In many cases the insurance company representing the at fault defendant may be willing to purchase a “Structure” with the settlement proceeds. This is a highly technical legal device which allows the insurance carrier to purchase an annuity policy for the benefit of the injured party which can be structured in such a way that it can provide: up front capital, a stream of income for a definite period of years, future lump sum payments timed to future critical stages in the injured person’s life, cost of living increases for the income payment, or a combination of all of these.
The structured settlement takes into account these essential factors:
1. The defendant’s insurance company can expect to realize a higher return on its invested funds than the plaintiff can expect to earn if he gets the money up front;
2. The defendant’s insurance company can invest in taxable bonds which pay a higher rate, nevertheless, the payments are TAX FREE income to the plaintiff.
There are advantages to the plaintiff to take a structure:
- No tax on the earnings;
- The management of the fund is done by professionals, and
- There is a valuation-spread between the insurance carrier’s cost and the plaintiff’s benefit
The Federal Income Tax has always not taxed recoveries for personal injury or sickness. However, once a lump-sum tax free amount has been distributed to a plaintiff, his investment of that sum will produce taxable income to the plaintiff. The structured payment arrangement allows for the plaintiff to avoid the payment of taxes until he earns income from his distribution which can be spread over his lifetime, thus minimizing the impact of any after distribution taxes. This arrangement has Internal Revenue approvals.
A surprisingly high percentage of lump sum payments received by plaintiffs are dissipated prematurely or spent frivolously. The financial discipline and sophistication necessary to the retention and proper management of large sums are difficult to come by. In addition to protecting plaintiff from his own gullibility or financial naiveté, a structure provides the very special expertise of professional money managers working to preserve the plaintiff’s funds. These types of arrangements are almost always required in significant settlements involving minors.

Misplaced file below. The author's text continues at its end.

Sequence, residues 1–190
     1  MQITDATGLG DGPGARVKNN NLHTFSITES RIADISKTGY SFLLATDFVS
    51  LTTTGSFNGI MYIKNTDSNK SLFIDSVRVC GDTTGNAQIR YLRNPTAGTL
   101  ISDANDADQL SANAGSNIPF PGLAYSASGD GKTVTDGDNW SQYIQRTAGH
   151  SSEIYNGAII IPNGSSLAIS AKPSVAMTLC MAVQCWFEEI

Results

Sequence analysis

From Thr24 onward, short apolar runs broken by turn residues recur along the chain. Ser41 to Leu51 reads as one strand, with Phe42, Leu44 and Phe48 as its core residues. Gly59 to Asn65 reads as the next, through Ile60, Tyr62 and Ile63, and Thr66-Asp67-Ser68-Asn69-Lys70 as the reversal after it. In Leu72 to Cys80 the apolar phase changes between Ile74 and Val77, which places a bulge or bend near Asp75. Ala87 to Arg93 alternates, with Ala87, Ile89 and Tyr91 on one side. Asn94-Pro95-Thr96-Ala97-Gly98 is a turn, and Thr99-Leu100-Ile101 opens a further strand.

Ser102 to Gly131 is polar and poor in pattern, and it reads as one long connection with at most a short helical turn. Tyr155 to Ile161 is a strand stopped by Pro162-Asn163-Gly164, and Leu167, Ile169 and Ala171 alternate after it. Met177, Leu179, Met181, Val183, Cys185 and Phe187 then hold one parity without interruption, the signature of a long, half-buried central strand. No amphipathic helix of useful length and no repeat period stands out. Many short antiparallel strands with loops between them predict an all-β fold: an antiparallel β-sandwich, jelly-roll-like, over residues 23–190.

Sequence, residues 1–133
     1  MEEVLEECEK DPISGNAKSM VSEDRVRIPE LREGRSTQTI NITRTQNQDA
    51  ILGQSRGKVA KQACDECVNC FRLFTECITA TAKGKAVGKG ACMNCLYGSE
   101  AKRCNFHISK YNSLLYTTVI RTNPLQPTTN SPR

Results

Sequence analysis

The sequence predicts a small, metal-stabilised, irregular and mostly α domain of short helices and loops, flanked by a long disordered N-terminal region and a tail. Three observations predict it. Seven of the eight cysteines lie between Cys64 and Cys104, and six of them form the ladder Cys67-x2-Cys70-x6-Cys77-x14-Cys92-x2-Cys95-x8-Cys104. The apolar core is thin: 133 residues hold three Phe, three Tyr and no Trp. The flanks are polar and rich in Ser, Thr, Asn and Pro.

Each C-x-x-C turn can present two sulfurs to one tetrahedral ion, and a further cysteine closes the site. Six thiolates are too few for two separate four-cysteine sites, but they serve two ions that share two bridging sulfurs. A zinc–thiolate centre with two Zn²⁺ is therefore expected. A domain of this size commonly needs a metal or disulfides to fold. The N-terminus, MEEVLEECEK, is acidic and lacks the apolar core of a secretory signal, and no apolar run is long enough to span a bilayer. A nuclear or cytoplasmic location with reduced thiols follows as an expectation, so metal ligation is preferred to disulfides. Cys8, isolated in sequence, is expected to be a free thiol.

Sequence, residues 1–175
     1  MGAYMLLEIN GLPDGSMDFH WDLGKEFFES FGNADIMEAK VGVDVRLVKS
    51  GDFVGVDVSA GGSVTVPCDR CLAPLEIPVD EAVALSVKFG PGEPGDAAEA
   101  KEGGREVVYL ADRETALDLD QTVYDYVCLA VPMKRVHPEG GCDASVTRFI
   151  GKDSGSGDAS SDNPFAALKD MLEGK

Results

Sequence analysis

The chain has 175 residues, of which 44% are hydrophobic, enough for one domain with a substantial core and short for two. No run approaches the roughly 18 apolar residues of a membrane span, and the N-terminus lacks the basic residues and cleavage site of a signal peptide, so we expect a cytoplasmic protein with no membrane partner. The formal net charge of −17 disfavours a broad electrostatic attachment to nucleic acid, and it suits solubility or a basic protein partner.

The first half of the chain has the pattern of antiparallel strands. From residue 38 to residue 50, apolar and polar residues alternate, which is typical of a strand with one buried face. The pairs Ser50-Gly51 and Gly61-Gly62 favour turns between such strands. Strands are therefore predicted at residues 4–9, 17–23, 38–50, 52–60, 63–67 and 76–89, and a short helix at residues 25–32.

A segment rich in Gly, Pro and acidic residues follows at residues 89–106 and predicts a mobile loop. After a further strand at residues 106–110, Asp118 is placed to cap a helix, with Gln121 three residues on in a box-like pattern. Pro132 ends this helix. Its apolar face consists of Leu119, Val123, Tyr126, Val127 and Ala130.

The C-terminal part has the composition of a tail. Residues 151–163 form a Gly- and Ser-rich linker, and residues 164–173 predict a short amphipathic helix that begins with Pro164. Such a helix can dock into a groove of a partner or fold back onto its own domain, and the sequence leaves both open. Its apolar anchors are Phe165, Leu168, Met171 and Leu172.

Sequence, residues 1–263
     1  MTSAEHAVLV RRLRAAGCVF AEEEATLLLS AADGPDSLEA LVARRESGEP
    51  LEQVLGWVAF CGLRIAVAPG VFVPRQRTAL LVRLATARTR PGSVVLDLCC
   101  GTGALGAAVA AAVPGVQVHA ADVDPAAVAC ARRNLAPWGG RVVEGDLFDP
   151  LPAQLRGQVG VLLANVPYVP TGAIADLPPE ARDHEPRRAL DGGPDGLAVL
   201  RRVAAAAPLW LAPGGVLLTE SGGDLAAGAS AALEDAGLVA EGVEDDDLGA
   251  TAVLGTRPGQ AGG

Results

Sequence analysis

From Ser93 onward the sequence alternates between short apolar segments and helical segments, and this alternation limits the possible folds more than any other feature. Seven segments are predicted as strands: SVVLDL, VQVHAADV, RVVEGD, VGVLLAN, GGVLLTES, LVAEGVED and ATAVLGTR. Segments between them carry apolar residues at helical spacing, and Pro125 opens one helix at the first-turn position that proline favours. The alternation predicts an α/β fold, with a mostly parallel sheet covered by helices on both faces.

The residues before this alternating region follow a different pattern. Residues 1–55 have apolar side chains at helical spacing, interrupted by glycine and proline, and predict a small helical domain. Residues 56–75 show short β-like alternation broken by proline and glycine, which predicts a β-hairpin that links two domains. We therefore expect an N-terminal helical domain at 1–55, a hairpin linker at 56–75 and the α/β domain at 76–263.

Typically, the cost to the insurance company of funding a structured settlement is less than the value of that same settlement to the plaintiff. The spread occurs for a number of reasons:
- The insurance carrier purchases a stream of taxable income which “Converts” to tax free income when paid to the plaintiff. It is cheaper to buy taxable income than it is to buy tax-free income;
- The insurance carrier can use it broad purchasing power and greater market skills to acquire investments paying a higher rate than might be available to the plaintiff investing his own funds;
- The judgments used by the company issuing the annuity for the insurance company to establish the “cost” of the settlement payments may result in a lower out of pocket cost from the insurance carrier than plaintiff would deem necessary to achieve identical results.
* For a more detailed explanation of structured settlements see, Peskin, How To Settle for Top Dollar, The Mitchie Company Charlottesville, VA